Why It Works With Saw: Blood, guts, and gore—need I say more? But really, these two are a lot. The original Saw movie (unlike a number of its subsequent franchise installments, I’ll be the first to admit) had a plot as psychologically unnerving as it was just plain gory, and it was that combination that really made the movie work for me. SECURITY serves up a similar pairing of genuine gore with an unexpected overarching story that’s so much more psychologically compelling than I would have first guessed it to be. This is what really hooks me in a horror movie (or a horror book, when I read them): blood and gore must be balanced by clever plotting or psychological complexity. This pairing delivers that in spades.
The Conjuring X The Grip of It
Movie: The Conjuring
Book: THE GRIP OF IT by Jac Jemc
Why I Love the Book: There’s nothing like a haunted house story, and Jac Jemc puts her own literary spin on a classic concept in THE GRIP OF IT. In this slightly more highbrow rendition of a familiar horror setup, a young couple purchases their dream home in a rural area, only to discover that the house seems to have a personality - and a plan - of its own. What makes this book work so well for a crime reader, beyond its literary leanings, is the interplay of inexplicable horror and very real domestic tensions found within it. This isn’t just a haunted house story—it’s also an exploration of the tensions found within a marriage. In many ways, the “haunted house” is simply a device used to push this couple to face the cracks in the foundation of their life together. Consider it a refreshing new take on domestic suspense.
Why It Works with The Conjuring: I absolutely love this movie, and it also scares the living daylights out of me. More than anything else, this pairing might be based on my visceral reactions to both stories. In The Conjuring, we get a classic “haunted house” story, replete with creepy 3 AM wake-ups, ghostly sightings, paranormal investigators, and a whole lot more. In THE GRIP OF IT, we also get a house haunted by inexplicable occurrences: strange noises, bizarre markings appearing on the walls -- and on the owners, and much, much more. Though quite different in the kind of haunting portrayed, both film and book effectively draw the reader into houses that we would be much smarter to run the other way from.
The Descent X The River At Night
Movie: The Descent
Book: THE RIVER AT NIGHT by Erica Ferencik
Why I Love the Book: For those of you who like the idea of a horror story that takes place in the wilderness, but are hesitant about the actual horror part of that description, THE RIVER AT NIGHT is a great balance. This book is far from horror, but it certainly has some creepy and cinematic elements to it. THE RIVER AT NIGHT follows a group of women who decide to take an adventurous girls’ trip, and end up going white-water rafting in a remote part of Maine. As the trip begins to take a turn for the worse, the tensions in the group begin to show… and soon, they find themselves making a disturbing discovery out in the wilderness that puts their lives at risk. Like FINAL GIRLS, this is another easy to binge, just plain fun read—don’t expect to be deeply scared by this book, and don’t expect it to be the most realistic, but do expect to have fun on the ride.
Why It Works With The Descent: Both books tackle a group of adventurers who find themselves seriously in over their heads when what’s supposed to be a fun getaway goes very wrong. Though The Descent is (of course) much darker than THE RIVER AT NIGHT, this book will work for readers who want that same (for lack of a better phrase) outdoorsy-thriller vibe. Think: an unwitting group of people pursued by predators in the middle of nowhere, with no one to help them. Bonus: both books feature resilient women who are central the story. Though the scare levels are very different here, this pairing is a natural fit!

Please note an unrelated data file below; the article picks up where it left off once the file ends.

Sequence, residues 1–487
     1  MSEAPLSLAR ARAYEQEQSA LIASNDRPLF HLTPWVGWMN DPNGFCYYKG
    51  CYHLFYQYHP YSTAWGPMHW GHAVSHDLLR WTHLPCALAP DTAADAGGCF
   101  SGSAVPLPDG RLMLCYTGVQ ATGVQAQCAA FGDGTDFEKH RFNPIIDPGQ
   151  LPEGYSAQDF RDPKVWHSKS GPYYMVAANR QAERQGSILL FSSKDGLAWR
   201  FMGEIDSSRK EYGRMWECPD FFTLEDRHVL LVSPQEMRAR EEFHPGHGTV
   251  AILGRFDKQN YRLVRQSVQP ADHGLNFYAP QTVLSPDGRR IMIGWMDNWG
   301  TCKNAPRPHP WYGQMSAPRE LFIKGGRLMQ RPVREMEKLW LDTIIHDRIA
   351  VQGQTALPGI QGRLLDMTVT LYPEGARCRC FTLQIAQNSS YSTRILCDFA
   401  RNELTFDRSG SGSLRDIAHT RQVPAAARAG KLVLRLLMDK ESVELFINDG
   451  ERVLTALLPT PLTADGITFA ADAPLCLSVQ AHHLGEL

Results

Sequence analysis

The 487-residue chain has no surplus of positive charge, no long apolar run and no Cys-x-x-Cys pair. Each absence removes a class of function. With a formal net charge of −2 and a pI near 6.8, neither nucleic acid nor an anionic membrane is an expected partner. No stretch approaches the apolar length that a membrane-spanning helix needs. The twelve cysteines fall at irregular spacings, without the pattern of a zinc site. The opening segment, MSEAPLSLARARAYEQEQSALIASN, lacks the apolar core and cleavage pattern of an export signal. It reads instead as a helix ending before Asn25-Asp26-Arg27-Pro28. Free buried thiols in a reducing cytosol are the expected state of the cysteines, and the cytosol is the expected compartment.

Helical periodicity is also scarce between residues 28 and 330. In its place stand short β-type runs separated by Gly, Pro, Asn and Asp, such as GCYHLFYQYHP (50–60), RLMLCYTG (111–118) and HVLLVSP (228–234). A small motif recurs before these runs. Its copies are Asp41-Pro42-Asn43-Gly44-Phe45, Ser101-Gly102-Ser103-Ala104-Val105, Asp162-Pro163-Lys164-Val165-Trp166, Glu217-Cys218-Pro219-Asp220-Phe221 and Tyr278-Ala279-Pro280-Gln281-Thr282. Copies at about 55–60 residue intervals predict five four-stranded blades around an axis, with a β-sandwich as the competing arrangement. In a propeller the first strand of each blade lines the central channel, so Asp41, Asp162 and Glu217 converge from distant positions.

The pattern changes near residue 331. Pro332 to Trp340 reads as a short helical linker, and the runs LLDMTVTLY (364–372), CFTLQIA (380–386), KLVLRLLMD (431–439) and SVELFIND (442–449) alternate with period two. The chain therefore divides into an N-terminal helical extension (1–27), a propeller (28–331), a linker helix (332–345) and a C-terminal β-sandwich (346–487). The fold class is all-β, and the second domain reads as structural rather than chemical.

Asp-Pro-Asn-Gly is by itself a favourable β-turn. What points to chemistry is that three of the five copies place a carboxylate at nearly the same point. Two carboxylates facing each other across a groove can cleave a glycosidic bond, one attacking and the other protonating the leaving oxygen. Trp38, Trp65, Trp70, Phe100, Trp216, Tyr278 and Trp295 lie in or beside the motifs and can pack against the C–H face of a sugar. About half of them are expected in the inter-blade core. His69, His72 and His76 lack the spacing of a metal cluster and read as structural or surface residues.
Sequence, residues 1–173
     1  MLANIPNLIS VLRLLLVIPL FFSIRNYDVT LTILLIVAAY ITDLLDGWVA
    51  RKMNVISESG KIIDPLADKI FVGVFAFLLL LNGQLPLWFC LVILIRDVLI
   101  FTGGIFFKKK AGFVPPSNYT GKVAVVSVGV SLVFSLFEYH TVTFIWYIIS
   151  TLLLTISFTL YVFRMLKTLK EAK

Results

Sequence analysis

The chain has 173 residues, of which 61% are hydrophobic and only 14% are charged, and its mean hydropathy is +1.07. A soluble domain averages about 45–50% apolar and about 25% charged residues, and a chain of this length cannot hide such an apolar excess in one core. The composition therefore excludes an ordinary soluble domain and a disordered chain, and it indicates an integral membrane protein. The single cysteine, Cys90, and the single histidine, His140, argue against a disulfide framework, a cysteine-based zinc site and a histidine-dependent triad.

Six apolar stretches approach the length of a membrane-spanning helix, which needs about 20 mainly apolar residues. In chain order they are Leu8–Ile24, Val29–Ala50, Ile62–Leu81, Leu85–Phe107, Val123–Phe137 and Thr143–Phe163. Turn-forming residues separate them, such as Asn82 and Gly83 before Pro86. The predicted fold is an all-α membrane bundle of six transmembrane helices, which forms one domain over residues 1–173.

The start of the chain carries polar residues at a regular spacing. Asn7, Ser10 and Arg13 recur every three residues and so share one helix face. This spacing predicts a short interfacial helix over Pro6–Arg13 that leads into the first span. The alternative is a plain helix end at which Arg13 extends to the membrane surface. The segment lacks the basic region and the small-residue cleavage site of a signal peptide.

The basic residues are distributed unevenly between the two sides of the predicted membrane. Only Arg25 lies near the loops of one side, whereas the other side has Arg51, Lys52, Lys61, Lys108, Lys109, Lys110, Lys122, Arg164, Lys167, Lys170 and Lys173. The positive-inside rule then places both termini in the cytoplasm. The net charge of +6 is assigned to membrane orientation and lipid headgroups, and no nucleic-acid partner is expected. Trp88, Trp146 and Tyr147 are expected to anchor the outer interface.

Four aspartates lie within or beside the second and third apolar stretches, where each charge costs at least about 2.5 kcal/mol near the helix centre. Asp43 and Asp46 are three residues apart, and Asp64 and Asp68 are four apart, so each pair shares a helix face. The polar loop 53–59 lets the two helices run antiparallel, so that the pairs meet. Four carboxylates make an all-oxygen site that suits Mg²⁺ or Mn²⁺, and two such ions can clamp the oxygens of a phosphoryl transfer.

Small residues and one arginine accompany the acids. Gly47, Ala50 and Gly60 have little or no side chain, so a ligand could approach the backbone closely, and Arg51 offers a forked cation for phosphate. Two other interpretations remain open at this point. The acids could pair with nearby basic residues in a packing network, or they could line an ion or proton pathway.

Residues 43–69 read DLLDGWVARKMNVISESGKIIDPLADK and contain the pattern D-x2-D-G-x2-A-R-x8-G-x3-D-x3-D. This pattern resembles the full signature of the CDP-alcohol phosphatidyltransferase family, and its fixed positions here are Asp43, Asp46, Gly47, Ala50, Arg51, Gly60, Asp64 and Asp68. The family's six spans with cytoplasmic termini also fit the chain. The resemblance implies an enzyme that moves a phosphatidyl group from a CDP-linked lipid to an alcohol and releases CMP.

The Babadook X The Hours Before Dawn
Movie: The Babadook
Book: THE HOURS BEFORE DAWN by Celia Fremlin
Why I Love the Book: This might be the most abstract pairing on this list, but give me a moment to explain why I’ve put these two very different stories together. In its infinite complexity, motherhood has inspired some truly sharp and insightful crime fiction - this spring, look for two commercial thrillers to explore this topic further (THE PERFECT MOTHER by Aimee Molloy and YOU WERE MADE FOR THIS by Michelle Sacks). Predating these modern, trendy psychological suspense novels is Celia Fremlin’s masterpiece of crime fiction. First published in 1958, Fremlin’s taut and unnerving novel explores the pressures of motherhood, and the deterioration that can occur when a woman feels she isn’t living up to the standards set for her by society. It’s subtle and powerful - a must-read for fans of classic crime fiction.
Why It Works With The Babadook: Of all the recent horror movies I’ve seen, The Babadook is without a doubt my favorite. It’s so much more than just a terrifying story about a monster lurking in a woman’s home—it’s a raw exploration of post-partum depression, too. The main character in The Babadook is a widow, struggling to raise a difficult child on her own. “The Babadook” - the monster the main character “meets” through a scary picture book her son has at home one day - becomes a representation of the messy, isolating, desperate pieces of motherhood that aren’t often publicly discussed. THE HOURS BEFORE DAWN lives in this same space: a space of brutal honesty surrounding the pressures placed upon mothers. The Babadook is a terrifying film; THE HOURS BEFORE DAWN is a much more polite and refined novel. But the themes they explore couldn’t be more well-aligned.